Special Habitat Areas
Edgar T. Wherry, one of the Preserve’s founders in 1934, was also one of the country’s preeminent botanists. Between 1930 and 1955, he was a professor of botany at the University of Pennsylvania, where he had earlier earned a B.S. degree in chemistry and a Ph.D. in mineralogy. Armed with that rather unique background, he was passionate about exploring the special relationship between plants and their underlying geology.
Bowman’s Hill Wildflower Preserve afforded Wherry a unique opportunity to intensely pursue that interest, especially as it related to soil pH. During the Preserve’s early years, he experimented with a variety of habitat recreations by adjusting the soil substrate and pH. Wherry then planted those areas with assemblages of native plants similar to what he had observed in the wild.
You can still see vestiges of Wherry’s early work on the Preserve’s grounds today—most notably the limestone habitat located along the Fern Trail. The trail was designed by Wherry, who was also a fern specialist, in 1935. The purpose of the Fern Trail was to feature the great diversity of Pennsylvania’s native fern species. One of the challenges to his vision was that the underlying geology along the fern trail was magma-created diabase, which formed an acidic soil with a low pH. However, some of the ferns he wished to exhibit preferred a soil with a higher pH.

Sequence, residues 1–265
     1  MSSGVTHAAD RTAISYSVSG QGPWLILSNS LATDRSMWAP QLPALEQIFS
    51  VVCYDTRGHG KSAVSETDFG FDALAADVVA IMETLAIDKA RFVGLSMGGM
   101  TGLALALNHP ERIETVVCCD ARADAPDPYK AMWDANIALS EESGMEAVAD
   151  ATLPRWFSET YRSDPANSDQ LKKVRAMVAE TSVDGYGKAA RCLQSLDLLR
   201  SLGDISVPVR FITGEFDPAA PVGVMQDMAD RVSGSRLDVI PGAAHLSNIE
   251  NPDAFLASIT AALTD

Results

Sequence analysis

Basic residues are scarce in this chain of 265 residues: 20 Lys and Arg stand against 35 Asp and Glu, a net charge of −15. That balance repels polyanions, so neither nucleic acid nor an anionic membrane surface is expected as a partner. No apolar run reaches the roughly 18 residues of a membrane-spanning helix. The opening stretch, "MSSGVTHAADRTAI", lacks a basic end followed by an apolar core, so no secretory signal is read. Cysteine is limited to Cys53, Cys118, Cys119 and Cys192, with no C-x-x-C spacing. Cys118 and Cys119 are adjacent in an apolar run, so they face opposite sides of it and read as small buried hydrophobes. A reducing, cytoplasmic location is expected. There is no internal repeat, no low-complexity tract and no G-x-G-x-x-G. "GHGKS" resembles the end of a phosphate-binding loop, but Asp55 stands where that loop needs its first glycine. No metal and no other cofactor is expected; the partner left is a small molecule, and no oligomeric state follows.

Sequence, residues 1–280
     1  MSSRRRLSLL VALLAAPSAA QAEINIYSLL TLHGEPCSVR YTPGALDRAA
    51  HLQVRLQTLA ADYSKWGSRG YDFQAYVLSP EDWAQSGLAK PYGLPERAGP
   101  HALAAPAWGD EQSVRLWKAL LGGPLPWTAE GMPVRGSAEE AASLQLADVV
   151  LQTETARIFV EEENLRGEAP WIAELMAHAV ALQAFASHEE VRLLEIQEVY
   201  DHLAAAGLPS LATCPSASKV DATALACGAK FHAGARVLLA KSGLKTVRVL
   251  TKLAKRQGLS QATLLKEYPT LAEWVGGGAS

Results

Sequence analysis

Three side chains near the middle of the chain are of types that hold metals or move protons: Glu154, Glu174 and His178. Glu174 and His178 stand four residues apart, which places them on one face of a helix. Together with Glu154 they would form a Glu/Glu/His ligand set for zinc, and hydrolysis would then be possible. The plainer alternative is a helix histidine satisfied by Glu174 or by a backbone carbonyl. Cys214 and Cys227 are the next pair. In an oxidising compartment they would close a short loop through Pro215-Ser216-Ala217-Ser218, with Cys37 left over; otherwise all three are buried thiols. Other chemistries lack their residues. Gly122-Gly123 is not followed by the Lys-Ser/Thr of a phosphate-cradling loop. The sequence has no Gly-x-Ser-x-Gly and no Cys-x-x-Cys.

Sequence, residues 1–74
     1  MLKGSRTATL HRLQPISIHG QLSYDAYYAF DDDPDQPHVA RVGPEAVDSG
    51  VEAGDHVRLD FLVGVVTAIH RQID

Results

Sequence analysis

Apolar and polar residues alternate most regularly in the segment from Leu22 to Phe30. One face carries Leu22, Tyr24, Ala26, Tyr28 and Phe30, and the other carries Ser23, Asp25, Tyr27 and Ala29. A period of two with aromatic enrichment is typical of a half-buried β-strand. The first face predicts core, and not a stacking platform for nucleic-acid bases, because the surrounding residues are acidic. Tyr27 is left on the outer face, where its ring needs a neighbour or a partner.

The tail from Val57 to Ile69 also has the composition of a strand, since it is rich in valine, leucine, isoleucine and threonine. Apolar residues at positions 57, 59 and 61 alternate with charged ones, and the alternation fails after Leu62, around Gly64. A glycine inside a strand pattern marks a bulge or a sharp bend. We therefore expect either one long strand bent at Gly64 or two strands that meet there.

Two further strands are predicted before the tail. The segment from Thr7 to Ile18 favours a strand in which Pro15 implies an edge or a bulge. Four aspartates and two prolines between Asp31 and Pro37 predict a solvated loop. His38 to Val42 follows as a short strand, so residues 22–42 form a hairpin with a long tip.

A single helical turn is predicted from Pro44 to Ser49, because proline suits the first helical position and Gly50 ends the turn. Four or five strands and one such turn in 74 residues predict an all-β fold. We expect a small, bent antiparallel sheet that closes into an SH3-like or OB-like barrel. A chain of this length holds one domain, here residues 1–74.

His solution? During the trail’s construction, he had several loads of coarse limestone rock trucked in and placed in a long, shallow pile along the uphill side of the pathway. As it slowly eroded over time, the basic chemical properties of the limestone raised the pH of the surrounding soil. Within this newly created habitat, Wherry was able to plant species of ferns and wildflowers that would have otherwise perished in the more acidic native soil.
Today, this limestone habitat is still home to several species of plants that cannot survive elsewhere on the Preserve. Most notable of these is the endangered and beautiful snow trillium (Trillium nivale), a diminutive wildflower that lives among the limestone rocks. It is the Preserve’s first spring ephemeral to bloom each year.